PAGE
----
Building a Plan for Discipleship
(Written by Andy Harrison for Leading Student Ministry Magazine, LifeWay, Winter 2004)
Many veteran youth ministers, that is, ministers that possess numerous years of experience, often struggle with this very issue. They will see success in many areas of their ministry over the years, but will often lament, “I wish I had done a better job of discipling students. I never really developed an effective plan.” Their hearts wanted as much, but, either because they were never themselves discipled and so had a vague image of expectation or because they felt it was a personal commitment the student needed to take responsibility for, or a myriad of other reasons, they just didn’t get it done.
Do you know what you want your students to be like after they graduate? Do you want them to drift in college or to connect immediately on campus with the BCM and become an active member of a local church? Do you want them to be able to minister to others their freshman year or be fighting through their own crisis of faith? Do you want them to fondly recall their days in the youth group or to passionately love Jesus? Well, the real question is, how will you get them to the mature places?
Consider the following:
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3 Steps to Successful Discipleship
Seek God’s divine direction for your group.
Now, this doesn’t mean that Jesus will decide that Luke 9:23 doesn’t apply to your group, and so you might as well forget those weekends of service and book those concert tickets today. No. What this does mean is that every church situation is unique. The church’s location, size, setting, theological and ministerial emphases, among other factors, should contribute to your plan for discipleship. Consider Acts 17:26-27, “From one man He has made every nation of men to live all over the earth and has determined their appointed times and the boundaries of where they live, so that they might seek God, and perhaps they might reach out and find Him, though He is not far from each one of us.” (HCSB) These verses indicate that God is so into the details of our lives that He has determined where we will live and the time in history that we will exist, so that we might come to find Him. If that is true (and it is), then the students in your community are living there because He has determined that they would live there, and they are teenagers at this time in history because He has coordinated it to be so. If His divine plan has coordinated all these factors, then it is easy to conclude that He has a divine purpose for your church, that will uniquely capture and mature the hearts of those who are affected by its’ ministry.
For instance, is your church an inner city church? Perhaps your discipleship will emphasize ministry and meeting physical, financial, and social needs. Is your church a mission minded church? Perhaps your discipleship plan will place an emphasis on mission opportunities near and abroad. Is your church bible-study driven? Perhaps your plan for discipleship will emphasize understanding, memorizing, and obeying God’s word. Of course, any balanced plan for discipleship will teach all of the afore mentioned scriptural commands, but God’s disciples do not all share the same personalities and gifts and will tend to lean toward certain calls of ministry. Successful youth ministries do not all look the same, but they are each effective. Have you sought God’s divine direction for your group?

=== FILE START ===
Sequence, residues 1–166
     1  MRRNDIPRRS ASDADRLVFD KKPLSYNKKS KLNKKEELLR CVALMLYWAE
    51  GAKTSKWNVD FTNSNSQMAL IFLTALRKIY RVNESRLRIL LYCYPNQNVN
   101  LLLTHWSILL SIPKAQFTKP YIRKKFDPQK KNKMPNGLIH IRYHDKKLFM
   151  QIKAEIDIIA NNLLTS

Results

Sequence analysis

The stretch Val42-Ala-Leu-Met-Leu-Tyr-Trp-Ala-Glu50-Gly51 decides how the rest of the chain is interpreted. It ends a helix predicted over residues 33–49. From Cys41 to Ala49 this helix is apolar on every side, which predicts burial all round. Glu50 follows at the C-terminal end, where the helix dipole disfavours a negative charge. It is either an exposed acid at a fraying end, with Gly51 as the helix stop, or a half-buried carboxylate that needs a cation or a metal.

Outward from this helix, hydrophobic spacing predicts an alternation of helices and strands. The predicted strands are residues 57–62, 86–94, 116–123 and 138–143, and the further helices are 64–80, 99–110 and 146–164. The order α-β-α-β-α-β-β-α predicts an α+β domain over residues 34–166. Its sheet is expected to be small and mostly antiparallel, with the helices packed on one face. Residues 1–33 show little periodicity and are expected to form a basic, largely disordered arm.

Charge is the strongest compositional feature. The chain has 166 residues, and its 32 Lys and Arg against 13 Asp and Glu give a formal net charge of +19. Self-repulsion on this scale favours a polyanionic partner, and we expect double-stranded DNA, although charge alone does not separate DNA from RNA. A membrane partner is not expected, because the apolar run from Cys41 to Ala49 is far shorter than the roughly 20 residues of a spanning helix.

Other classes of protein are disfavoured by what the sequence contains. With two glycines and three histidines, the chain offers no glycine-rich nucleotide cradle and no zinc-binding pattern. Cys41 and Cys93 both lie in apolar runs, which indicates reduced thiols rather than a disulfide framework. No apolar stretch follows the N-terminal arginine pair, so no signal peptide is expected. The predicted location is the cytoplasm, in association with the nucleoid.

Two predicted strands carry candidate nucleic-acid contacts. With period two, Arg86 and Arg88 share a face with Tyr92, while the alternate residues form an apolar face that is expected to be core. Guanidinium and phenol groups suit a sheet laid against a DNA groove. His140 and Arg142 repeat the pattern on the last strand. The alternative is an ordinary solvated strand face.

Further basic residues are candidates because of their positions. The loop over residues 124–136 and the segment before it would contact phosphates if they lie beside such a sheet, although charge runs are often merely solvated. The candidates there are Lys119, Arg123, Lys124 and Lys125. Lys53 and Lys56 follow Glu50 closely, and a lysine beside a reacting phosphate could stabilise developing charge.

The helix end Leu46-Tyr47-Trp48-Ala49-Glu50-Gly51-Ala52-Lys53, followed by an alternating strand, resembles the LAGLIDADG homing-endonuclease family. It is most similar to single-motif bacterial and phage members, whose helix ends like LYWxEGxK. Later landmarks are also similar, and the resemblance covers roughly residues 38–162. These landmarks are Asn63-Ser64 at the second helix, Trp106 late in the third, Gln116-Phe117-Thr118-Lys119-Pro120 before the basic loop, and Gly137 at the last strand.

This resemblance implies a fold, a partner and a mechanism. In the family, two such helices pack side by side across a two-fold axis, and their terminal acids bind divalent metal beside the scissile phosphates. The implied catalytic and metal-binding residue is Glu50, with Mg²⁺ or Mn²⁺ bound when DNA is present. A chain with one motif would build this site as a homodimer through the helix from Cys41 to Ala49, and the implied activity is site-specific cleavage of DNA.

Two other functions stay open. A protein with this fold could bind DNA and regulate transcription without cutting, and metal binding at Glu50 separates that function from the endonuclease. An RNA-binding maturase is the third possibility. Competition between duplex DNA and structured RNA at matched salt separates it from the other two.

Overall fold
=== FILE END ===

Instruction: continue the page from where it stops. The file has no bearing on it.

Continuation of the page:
Know your spiritual gifts and build a team of leaders who possess various other spiritual gifts.
Let’s say you have the gift of evangelism. I wouldn’t say it will be easier, but it will be more natural to disciple students in sharing their faith. It is a gift of God and a strength in your life that He will use for His glory. But what about the training that comes after the salvation experience? Who will help you with students in this regard?
I was always strong in taking churched students and helping them become rooted in their faith. I knew that they needed to shake loose the bonds of self-righteousness and stop living off of mom and dad’s faith and possess their own. I knew how to help them break free of complacency and ritualism and form an intimate relationship with Jesus. I, however, struggled significantly with other types of students. I loved youth who were tattooed, body-pierced, and had no church experience, but I was handicapped, it seems, at relating to them on certain levels. It was always important to me to have leaders in my youth ministry who were gifted where I was not.
If it is important to you that every student be discipled, then you will build a team that is gifted in reaching and maturing as many types of students as possible.
Instill the basics
Prayer. Bible Study. Scripture Memory. Witnessing.
Ministry. Worship. Fellowship.
A plan for discipling believers in these areas would include:
|1.||Scripture studies of what the Bible says about each of these basics. When we understand that the scripture commands us to walk in the manner of these things, we allow the Holy Spirit to use His words to transform our hearts.|
|2.||Dedicated times of involving students in the basics. Students must be engaged in these disciplines if they are ever to become active disciples of Christ. Study alone will not accomplish this.|
|3.||A mentor or discipler to encourage, exhort, and model these basics. Discipleship is incomplete without relationship. Jesus’ teachings became life to the disciples because the disciples were in close observation of Christ’s heart. His mere presence encouraged and strengthened them.|
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